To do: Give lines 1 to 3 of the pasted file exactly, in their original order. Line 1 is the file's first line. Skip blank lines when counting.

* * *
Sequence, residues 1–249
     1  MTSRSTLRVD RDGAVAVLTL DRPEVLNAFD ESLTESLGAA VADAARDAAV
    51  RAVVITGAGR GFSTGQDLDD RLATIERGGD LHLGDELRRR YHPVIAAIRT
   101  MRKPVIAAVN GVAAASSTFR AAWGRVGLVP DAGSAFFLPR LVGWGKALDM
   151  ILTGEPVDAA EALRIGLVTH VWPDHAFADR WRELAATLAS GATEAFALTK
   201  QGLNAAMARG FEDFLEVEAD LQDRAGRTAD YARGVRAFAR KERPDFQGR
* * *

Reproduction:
Sequence, residues 1–249
     1  MTSRSTLRVD RDGAVAVLTL DRPEVLNAFD ESLTESLGAA VADAARDAAV
    51  RAVVITGAGR GFSTGQDLDD RLATIERGGD LHLGDELRRR YHPVIAAIRT